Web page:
Inflation across the 17 European Union countries that use the euro fell to its lowest level in over three years in April in a development that will pile pressure on the European Central Bank to cut its main interest rate.
Eurostat, the EU's statistics office, said consumer prices rose 1.2% in the year to April, way down on the 1.7% rate recorded in March and markedly below market expectations for a modest decline to 1.6%.
The preliminary April rate was the lowest since February 2010. Eurostat indicated that lower energy prices were largely behind the fall as well as reduced service sector inflation. A fuller explanation behind the drop will emerge in a more detailed report in May.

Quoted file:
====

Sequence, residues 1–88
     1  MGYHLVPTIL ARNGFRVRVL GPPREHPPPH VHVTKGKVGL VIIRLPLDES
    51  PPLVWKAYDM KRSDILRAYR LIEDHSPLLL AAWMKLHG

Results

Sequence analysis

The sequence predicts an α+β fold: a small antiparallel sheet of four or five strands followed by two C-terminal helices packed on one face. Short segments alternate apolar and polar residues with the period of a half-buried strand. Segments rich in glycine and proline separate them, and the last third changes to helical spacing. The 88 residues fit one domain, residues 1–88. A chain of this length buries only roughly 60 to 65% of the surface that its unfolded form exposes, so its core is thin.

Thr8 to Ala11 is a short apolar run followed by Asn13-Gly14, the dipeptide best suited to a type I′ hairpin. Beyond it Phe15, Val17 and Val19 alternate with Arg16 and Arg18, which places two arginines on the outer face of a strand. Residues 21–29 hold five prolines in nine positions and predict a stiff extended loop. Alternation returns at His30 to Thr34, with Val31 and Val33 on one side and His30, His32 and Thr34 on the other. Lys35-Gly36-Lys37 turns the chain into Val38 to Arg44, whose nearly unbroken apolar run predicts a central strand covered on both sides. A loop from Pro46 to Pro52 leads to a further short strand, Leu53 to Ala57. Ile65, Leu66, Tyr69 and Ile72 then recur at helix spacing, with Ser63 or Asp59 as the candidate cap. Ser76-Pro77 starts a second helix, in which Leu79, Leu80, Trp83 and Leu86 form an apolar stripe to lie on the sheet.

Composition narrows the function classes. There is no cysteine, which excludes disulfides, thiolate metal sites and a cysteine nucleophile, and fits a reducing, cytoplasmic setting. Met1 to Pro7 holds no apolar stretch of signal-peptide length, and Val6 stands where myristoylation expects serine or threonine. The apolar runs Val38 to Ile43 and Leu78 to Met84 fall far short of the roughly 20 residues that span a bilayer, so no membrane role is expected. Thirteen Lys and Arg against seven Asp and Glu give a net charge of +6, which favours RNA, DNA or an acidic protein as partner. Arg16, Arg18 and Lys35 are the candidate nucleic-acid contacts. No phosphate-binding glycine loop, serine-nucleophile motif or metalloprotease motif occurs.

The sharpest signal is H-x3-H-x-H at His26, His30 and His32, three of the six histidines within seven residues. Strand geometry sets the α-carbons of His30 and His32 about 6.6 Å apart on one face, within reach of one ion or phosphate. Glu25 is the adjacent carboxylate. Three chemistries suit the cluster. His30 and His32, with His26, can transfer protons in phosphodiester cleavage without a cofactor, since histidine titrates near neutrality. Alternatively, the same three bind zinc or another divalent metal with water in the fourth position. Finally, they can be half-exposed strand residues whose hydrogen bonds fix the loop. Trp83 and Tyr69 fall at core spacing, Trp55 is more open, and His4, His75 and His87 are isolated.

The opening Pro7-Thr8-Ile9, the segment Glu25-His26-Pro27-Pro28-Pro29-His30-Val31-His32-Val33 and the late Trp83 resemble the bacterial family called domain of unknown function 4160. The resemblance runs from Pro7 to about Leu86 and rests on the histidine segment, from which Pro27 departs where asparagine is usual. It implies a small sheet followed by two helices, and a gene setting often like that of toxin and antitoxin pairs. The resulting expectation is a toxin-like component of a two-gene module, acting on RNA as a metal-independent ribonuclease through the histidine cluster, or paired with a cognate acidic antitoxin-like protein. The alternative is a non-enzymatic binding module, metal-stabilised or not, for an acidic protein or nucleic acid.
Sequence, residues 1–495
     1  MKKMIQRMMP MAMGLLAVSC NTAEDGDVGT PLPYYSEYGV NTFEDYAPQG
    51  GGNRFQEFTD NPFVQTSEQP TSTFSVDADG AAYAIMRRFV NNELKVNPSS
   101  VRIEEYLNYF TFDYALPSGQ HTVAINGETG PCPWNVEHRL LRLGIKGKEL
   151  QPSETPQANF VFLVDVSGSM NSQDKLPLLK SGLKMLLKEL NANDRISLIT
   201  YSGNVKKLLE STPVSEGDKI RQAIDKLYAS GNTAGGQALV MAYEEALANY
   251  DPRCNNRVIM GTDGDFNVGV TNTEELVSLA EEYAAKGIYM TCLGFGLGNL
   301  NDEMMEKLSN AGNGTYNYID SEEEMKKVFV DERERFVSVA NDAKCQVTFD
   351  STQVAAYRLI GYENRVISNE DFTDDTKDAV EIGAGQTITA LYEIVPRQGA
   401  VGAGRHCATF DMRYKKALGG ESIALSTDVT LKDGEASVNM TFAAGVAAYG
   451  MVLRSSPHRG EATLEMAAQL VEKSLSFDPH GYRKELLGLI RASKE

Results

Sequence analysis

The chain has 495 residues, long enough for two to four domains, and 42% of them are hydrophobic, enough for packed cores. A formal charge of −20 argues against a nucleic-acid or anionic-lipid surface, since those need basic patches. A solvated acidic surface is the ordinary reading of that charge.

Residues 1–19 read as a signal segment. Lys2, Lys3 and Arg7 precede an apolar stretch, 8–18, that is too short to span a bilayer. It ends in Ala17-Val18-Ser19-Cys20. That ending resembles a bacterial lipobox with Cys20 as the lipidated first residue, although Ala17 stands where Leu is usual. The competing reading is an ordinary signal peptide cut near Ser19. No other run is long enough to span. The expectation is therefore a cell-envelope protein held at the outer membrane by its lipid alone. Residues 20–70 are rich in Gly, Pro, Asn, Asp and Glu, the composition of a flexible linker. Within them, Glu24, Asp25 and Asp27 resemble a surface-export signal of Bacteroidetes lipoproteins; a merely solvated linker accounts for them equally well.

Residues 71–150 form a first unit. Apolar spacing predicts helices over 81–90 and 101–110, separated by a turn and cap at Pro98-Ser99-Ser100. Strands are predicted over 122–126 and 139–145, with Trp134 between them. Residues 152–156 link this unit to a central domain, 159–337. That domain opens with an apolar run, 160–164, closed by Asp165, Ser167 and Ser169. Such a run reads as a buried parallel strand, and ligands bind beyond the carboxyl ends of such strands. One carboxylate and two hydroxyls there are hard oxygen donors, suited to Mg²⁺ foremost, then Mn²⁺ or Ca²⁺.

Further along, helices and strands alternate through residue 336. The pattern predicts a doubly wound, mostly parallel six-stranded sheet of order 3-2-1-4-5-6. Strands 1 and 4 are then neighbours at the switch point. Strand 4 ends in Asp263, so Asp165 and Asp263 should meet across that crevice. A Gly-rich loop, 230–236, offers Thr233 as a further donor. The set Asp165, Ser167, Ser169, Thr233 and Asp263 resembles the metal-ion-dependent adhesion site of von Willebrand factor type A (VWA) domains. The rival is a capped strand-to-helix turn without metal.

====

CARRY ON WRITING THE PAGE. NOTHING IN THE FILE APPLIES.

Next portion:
However, the fall in inflation could well mean that the ECB cuts its main interest rate from the already all-time low of 0.75% at its monthly meeting on Thursday, despite some reservations from some on the rate-setting governing council.
That pressure on the ECB now is even more acute as Eurostat also reported that unemployment in the eurozone rose to another record of 12.1% in March from the previous month's 12%.
The unemployment statistics mask huge differences across the eurozone and puts the ECB's dilemma in sharp relief. While Germany, Europe's largest economy, has an unemployment rate of just 5.4%, others such as Spain are languishing with a record jobless rate of 26.7%. Greece has the highest unemployment rate in the eurozone though its figures are compiled on a different timeline. In January, its jobless rate stood at 27.2%.